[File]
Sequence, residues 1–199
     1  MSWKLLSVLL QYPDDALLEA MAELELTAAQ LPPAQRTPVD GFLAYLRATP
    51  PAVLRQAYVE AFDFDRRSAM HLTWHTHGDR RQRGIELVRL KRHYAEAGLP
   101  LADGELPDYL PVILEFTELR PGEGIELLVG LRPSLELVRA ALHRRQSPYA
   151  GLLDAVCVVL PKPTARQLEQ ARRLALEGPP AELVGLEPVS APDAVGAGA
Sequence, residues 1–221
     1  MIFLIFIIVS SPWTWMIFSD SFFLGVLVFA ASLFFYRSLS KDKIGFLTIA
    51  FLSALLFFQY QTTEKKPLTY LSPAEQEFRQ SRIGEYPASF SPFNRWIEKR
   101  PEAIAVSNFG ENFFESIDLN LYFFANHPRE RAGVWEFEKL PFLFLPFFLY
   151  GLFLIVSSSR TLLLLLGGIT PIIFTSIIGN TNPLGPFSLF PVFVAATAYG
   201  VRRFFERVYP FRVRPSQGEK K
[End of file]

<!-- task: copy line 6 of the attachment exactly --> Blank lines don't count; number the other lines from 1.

Sequence, residues 1–221